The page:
We love our animals. They’re family members, and they bring us great joy and comfort. For this reason, we have an obligation to keep them happy and healthy. Following are tips for keeping your pet – dogs and cats in this case – in top health.
Watch your pets’ weight. While many of us are frequently trying to lose a few extra pounds, we’re far less likely to notice problems with our pets’ weight. According to the Association of Pet Obesity Prevention, about 59.5 percent of cats and 55.8 percent of dogs in the U.S. are overweight or obese. While a fluffy pet may seem “cute,” excess weight can cut animals’ lives short and lead to a host of health problems such as diabetes and cancer. Listen to your vet at your pet’s annual appointment. If the vet believes your dog or cat needs to slim down, follow her advice, and change the amount of food and the manner in which you’re feeding your pet. (And skip the high-calorie treats, or at least reduce the frequency.) It’s an important step for keeping your pet healthy for as long as possible.
Be careful with human food. Many human foods are good for pets. For example, kale, carrots, and salmon are excellent nutritional boosts for dogs. The problem is that many human foods can be toxic to pets. Chocolate, milk, or avocado are dangerous for dogs. Onions and garlic, liver, and bread dough containing yeast are all toxic to cats. Before you give your pets any human food treats, make sure the foods are appropriate for them. (And remember…not too many!) If you plan to pursue a whole food diet for your pets, consult with a veterinarian first to make sure your pets are getting all the nutrients they need and not eating anything harmful to their health.
Feed your pet high-quality pet food. Not all pet foods are the same. While the brand you buy may be saving you money, it may be harming your pet’s health. The food grade that is best for your pet will be determined by the animal’s age, type, and activity levels. While it’s always desirable to feed veterinary-quality food to pets, it may be cost-prohibitive for you. When you choose your pet’s food, read the ingredients label on the bag or can. The first ingredient should be something like “chicken” or “beef” instead of fillers and byproducts like corn, wheat gluten, soybean meal, etc. Ask your vet for a recommendation on good pet food that will fit your budget.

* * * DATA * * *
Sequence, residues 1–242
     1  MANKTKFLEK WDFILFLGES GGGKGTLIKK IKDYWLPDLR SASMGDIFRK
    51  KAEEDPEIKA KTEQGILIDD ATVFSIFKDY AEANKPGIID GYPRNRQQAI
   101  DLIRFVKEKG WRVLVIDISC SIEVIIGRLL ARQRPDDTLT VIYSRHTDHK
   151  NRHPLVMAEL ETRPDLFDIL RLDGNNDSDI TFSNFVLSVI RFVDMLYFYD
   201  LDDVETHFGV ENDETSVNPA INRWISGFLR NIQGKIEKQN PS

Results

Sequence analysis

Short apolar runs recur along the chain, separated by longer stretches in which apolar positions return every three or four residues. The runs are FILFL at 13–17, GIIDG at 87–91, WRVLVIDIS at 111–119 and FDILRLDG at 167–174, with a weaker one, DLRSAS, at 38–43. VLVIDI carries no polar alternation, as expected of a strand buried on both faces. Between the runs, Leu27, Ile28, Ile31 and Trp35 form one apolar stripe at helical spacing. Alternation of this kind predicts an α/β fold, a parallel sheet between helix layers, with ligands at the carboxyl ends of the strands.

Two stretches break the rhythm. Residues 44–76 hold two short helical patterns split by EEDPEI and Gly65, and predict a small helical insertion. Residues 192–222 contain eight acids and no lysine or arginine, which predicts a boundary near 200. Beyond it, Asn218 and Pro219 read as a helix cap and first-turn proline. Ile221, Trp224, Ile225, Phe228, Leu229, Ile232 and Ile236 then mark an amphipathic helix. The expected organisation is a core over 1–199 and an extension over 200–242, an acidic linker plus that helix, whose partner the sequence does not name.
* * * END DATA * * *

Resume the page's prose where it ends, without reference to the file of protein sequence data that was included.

Don’t skip the veterinary appointments. It may be tempting to put off vet appointments. They can be expensive and time-consuming, and chances are, your pet doesn’t enjoy them. But just as with humans, many health problems, if caught early, are fixable. For this reason, it’s critical that you get your pet checked out by a qualified veterinary practitioner once a year, or more often if you notice any unusual or troubling symptoms in the animal.
Ensure exercise in your pets. Walking with your dog is one of the best ways for both dogs and humans to get the daily exercise they need. While it may not be possible every day, ensure you’re getting out for a good walk at least most days. Indoor cats also need exercise. If your cat has outgrown the “active kitten” stage, consider setting aside times to play with your cat using a laser pointer or other cat toy. Buy or build a “cat tree” that will encourage the cat to climb several times each day.
For dogs, consider allowing the animal to roam and play in your yard freely with the help of an electronic fence. DogWatch of Western Mass is committed to providing the safest, most effective electronic pet fences on the market. DogWatch has proudly served the Pioneer Valley and surrounding areas since 1990 and belongs to the international DogWatch Dealer Network. We are committed, trained professionals offering years of experience in installation, training, and customer service. Being locally owned, we have a vested interest to keep our customers – and their pets — happy!